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Azevedo v. U.S. Bank, N.A.

United States District Court, D. Massachusetts

March 9, 2016

EDMILSON AZEVEDO Plaintiff,
v.
U.S. BANK N.A., AS TRUSTEE FOR THE SECURED ASSET SECURITIES CORPORATION MORTGAGE PASS-THROUGH CERTIFICATES, SERIES 2005-AR1; CITIGROUP, INC.; and WELLS FARGO BANK, N.A. D/B/A AMERICA’S SERVICING COMPANY Defendants.

MEMORANDUM AND ORDER

ALLISON D. BURROUGHS DISTRICT JUDGE

Currently before the Court is Defendants U.S. Bank N.A. (“U.S. Bank”) and Wells Fargo Bank, N.A. (“Wells Fargo”)’s Motion to Dismiss [ECF No. 5] Plaintiff Edmilson Azevedo’s Complaint. [ECF No. 1 (“Compl.”)]. Plaintiff filed an Opposition to the Motion to Dismiss on July 29, 2015. [ECF No. 10.] The Court held a hearing on Defendants’ Motion to Dismiss on November 17, 2015. For the reasons set forth in this Memorandum and Order, Defendants’[1]Motion to Dismiss is ALLOWED.

I. Facts Alleged in Complaint

Plaintiff alleges the following facts in his Complaint, which the Court accepts as true for the purposes of this Motion. Plaintiff purchased his home at 35 Davis Street in Marlborough, Massachusetts (the “Property”) on June 10, 2005. Compl. ¶¶ 4, 8-9. Plaintiff financed the $362, 900.00 purchase with a mortgage loan (the “Mortgage loan”) from Argent Mortgage Company, LLC (“Argent”). Id. at ¶¶ 10-12.

When the Mortgage loan originated, Plaintiff earned roughly $4, 000 per month from his job as a construction supervisor. Id. at ¶ 17. His monthly mortgage payments at that time, when the interest rate was at its contractual minimum, were $2, 900-or 72% of his monthly income. Id. at ¶¶ 13-14, 20-21.

Plaintiff signed the Mortgage agreement on June 10, 2005. [ECF No. 6-1 (“Mortgage”)].[2]He alleges that on the same day, Argent purportedly (but ineffectively) assigned the Mortgage to U.S. Bank. [Compl. ¶¶ 22-24]. Plaintiff maintains that the assignment was defective because although the sale document was notarized on June 10, an Argent agent did not appear before the notary until June 15, 2005. Id. at ¶¶ 23-24.

Plaintiff eventually fell behind on his mortgage payments. Id. at ¶ 25. After entering into a temporary forbearance plan in 2008 and making the associated payments, Plaintiff was offered a permanent loan modification in 2010. Id. at ¶ 33. Plaintiff expected that the loan modification would have been offered earlier-in late 2009 or early 2010. See id. at ¶¶ 30-33. Further, although Plaintiff alleges that Defendants ultimately offered him a loan modification, see id. at ¶¶ 33, 41, Plaintiff alleges that the modified payments were still unaffordable, as they consumed approximately half of Plaintiff’s income[3] and put the property underwater. Id. at ¶ 33.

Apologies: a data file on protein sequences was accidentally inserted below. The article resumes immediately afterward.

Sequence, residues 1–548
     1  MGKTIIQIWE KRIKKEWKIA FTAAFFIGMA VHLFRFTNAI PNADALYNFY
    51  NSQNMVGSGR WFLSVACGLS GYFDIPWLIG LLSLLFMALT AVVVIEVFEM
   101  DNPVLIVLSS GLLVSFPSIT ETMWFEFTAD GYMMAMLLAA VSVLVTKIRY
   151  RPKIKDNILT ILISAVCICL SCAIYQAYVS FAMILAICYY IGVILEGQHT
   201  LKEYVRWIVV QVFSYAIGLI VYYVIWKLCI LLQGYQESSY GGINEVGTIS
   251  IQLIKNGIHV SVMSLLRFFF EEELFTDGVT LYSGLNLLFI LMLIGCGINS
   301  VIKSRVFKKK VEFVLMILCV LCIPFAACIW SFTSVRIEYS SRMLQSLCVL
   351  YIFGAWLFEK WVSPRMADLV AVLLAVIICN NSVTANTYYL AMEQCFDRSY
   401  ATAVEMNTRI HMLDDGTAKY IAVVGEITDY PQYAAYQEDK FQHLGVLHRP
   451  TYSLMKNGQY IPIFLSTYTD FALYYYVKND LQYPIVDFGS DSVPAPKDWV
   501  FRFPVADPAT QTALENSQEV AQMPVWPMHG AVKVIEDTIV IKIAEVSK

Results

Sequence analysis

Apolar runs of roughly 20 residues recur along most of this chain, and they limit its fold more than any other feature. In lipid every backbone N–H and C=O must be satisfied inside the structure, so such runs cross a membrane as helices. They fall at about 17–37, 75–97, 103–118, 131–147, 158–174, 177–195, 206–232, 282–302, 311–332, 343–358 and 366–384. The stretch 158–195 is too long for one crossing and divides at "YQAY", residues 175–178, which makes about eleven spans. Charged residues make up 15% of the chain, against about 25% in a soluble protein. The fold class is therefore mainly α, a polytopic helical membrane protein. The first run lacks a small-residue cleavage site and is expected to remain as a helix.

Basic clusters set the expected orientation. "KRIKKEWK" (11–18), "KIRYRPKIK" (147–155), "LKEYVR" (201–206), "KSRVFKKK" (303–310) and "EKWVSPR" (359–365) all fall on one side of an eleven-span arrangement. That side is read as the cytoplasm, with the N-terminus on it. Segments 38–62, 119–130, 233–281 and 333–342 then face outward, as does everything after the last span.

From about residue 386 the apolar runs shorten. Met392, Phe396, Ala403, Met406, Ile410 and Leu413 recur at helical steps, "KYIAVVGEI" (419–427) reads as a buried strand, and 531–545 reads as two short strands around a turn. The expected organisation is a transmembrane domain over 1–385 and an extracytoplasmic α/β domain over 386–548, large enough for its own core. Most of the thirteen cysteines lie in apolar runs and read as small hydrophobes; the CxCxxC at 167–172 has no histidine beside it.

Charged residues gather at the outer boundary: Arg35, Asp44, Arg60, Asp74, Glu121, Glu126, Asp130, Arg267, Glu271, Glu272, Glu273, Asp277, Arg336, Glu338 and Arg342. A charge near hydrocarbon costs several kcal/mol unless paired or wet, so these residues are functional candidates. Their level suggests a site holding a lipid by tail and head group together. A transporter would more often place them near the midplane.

II. Additional Facts Alleged in Plaintiff’s Opposition to Motion to Dismiss[4]

Despite the affordability problems Plaintiff identified with the loan as modified, Plaintiff contends that he accepted the proposed loan modification on October 22, 2010. [ECF No. 10, pp. 2-3.] The loan as modified became even more unaffordable when the interest rate increased at some unspecified point in 2011. In 2014, Plaintiff recommenced loan modification negotiations with Defendants, but to no avail. Id. Under threat of foreclosure, Plaintiff filed for bankruptcy protection on May 5, 2014.[5] Id.

III. Legal Standard

On a motion to dismiss, the Court “must assume the truth of all well-plead facts and give plaintiff the benefit of all reasonable inferences therefrom.” Ruiz v. Bally Total Fitness Holding Corp., 496 F.3d 1, 5 (1st Cir. 2007). The complaint must “set forth factual allegations, either direct or inferential, respecting each material element necessary to sustain recovery under some actionable legal theory.” Gooley v. Mobil Oil Corp., 851 F.2d 513, 515 (1st Cir. 1988). Dismissal is appropriate if plaintiff’s well-pleaded facts do not possess enough heft to show that plaintiff is entitled to relief. Ruiz Rivera v. Pfizer Pharm., LLC, 521 F.3d 76, 84 (1st Cir. 2008).

Although most motions to dismiss pursuant to Federal Rule of Civil Procedure 12(b)(6) are “premised on a plaintiff’s putative failure to state an actionable claim, ” such a motion may also be premised on the “inevitable success of an affirmative defense.” Nisselson v. Lernout, 469 F.3d 143, 150 (1st Cir. 2006). “As a general rule, a properly raised affirmative defense can be adjudicated on a motion to dismiss so long as (i) the facts establishing the defenses are definitely ascertainable from the complaint and the other allowable sources of information, and (ii) those facts suffice to establish the affirmative defense with certitude.” Rodi v. S. New Engl. Sch. of Law, 389 F.3d 5, 12 (1st Cir. 2004). That a plaintiff’s allegations are barred by the applicable statute of limitations is one such affirmative defense.

IV. Analysis

A. Count One: “Violation of M.G.L. c. 93A by Predatory ...


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